If you’ve been driving Raleigh’s Beltline between Wade Avenue and Glen Eden Drive, sneaking peeks into the woods and wondering when on earth the House Creek Greenway is going to open, the answer is June 25.
That’s the official answer. In reality, it should be passable by Memorial Day.
The eagerly anticipated 2.9-mile greenway will link the 11-mile Crabtree Creek Trail to the north with the Reedy Creek/Museum of Art/Rocky Branch/Umstead/Black Creek greenway network to the south. It was supposed to open in March, but City of Raleigh greenway guru Vic Lebsock said the contractor encountered problems relocating utilities, especially around Glen Eden Drive, where the greenway tunnels under the road, then loops up to it to cross the Beltline before continuing north on the west side of the highway. Those delays late last fall pushed back the paving date, and this being a N.C. Department of Transportation-supported project, paving is prohibited between December 15 and March 15.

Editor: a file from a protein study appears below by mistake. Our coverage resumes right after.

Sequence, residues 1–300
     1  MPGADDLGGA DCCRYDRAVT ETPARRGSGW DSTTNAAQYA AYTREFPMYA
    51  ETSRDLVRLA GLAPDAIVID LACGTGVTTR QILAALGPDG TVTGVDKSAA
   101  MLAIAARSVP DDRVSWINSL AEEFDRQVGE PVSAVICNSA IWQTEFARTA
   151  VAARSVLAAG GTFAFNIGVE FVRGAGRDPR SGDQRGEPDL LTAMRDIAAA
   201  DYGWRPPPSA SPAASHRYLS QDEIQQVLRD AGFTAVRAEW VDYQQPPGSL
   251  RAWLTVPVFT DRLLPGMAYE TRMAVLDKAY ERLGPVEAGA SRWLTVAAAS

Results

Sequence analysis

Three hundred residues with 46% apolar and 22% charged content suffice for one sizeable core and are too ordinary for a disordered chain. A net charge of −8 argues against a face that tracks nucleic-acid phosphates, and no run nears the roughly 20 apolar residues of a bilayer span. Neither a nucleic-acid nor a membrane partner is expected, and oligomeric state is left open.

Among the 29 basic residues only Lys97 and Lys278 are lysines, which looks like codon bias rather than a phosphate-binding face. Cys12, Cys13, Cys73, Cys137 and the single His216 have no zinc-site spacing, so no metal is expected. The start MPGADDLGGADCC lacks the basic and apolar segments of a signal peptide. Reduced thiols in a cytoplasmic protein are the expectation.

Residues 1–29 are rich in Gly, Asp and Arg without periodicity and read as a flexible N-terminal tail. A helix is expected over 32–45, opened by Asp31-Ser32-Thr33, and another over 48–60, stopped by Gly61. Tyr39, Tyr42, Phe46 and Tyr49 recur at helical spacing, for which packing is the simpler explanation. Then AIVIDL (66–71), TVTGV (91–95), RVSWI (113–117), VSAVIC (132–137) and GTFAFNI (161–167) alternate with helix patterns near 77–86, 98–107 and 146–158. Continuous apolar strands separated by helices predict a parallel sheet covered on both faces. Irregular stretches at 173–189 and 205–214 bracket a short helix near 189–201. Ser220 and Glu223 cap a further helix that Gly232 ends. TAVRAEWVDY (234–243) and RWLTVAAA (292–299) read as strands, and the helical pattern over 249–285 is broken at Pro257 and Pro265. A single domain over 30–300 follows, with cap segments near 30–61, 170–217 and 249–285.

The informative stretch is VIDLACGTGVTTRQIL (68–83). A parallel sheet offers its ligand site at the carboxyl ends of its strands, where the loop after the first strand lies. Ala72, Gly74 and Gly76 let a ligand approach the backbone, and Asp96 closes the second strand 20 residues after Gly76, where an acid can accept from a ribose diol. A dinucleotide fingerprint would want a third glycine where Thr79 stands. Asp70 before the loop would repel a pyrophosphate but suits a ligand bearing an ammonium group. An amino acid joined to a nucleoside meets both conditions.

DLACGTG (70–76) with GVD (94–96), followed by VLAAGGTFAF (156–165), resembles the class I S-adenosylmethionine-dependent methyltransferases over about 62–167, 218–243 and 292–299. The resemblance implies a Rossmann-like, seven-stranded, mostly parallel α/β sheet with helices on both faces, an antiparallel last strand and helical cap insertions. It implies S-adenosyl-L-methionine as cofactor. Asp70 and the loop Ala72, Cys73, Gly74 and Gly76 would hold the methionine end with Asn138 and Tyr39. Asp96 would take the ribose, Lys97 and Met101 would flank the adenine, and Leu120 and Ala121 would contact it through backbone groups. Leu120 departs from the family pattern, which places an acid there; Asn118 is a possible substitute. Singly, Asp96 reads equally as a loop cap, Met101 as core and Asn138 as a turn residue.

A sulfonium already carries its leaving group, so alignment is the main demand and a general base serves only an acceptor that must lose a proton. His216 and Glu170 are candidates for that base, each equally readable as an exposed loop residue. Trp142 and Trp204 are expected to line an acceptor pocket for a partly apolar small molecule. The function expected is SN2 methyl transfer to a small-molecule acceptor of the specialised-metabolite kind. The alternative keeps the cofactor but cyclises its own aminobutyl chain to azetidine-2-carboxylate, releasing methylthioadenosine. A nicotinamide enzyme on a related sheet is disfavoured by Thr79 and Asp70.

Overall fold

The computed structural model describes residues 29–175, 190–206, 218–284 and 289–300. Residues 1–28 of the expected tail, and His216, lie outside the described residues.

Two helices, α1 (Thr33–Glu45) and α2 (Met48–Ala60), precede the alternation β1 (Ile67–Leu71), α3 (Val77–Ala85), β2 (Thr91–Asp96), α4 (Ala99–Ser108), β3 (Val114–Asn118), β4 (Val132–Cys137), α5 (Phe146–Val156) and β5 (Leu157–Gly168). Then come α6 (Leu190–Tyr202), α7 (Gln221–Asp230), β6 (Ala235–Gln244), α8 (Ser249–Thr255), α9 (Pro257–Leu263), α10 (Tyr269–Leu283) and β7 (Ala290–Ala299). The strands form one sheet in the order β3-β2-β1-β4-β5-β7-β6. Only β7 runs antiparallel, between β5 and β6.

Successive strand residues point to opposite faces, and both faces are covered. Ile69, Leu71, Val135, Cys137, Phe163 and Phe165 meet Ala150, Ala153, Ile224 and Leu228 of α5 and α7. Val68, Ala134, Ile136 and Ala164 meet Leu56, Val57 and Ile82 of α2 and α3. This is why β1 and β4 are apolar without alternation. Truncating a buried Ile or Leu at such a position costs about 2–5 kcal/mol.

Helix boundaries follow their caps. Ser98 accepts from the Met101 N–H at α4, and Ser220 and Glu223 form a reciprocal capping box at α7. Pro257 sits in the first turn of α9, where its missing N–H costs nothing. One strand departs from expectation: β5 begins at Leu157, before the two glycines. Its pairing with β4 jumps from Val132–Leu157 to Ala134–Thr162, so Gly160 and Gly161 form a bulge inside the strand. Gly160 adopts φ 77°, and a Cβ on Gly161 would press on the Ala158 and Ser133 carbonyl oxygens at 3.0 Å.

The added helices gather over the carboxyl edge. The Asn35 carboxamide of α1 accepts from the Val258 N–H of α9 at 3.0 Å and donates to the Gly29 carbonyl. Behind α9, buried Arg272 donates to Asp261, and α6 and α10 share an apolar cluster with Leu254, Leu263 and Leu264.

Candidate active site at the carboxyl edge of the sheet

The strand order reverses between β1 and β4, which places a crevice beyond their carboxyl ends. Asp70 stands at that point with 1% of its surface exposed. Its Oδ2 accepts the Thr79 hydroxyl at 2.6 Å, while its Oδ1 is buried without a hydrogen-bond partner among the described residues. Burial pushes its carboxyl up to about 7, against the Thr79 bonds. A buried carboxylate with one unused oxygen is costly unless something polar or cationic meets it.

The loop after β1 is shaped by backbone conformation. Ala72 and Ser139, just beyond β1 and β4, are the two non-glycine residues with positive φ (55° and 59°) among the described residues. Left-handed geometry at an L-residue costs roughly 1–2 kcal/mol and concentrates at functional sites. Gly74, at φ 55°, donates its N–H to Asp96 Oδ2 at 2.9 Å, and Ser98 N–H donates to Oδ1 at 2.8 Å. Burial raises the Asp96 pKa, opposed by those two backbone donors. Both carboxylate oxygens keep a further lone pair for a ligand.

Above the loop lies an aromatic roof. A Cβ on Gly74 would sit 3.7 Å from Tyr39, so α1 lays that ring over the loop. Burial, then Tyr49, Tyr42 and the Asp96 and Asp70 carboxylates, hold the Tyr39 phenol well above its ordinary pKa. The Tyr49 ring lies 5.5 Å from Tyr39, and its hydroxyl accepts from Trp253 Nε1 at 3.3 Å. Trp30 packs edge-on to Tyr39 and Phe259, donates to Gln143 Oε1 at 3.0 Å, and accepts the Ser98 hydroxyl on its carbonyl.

“You can’t lay asphalt when it’s cold,” says Lebsock. And while, yes, this was a mighty warm winter and they probably could have paved, “you need a number of continuous days in a row, and that’s hard to predict.”
Lebsock adds that the project isn’t late. “The contract date for completion is June 25. The contractor actually had been ahead of schedule.”
Tomorrow (Friday, the 13th), Lebsock says they should be paving the stretch of House Creek at Glen Eden. Next week the remaining missing pavement around Horton Street should be done. The last major work remaining will be boardwalk through wetlands, also in the Horton Street area. Lebsock says that should be done by the third week in May.
From there, it’s a matter of the contractor dotting the greenway’s i’s and crossing its t’s. But Raleigh greenway users are an impatient lot who aren’t prone to let a little incompleteness interfere with their fun.
Expect heavy thru traffic by Memorial Day.
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Come back next week when GetGoingNC.com will give an update on the Neuse River Trail on Tuesday and on Wednesday take a look at what happens when the current $35 million greenway building boom concludes at the end of next year.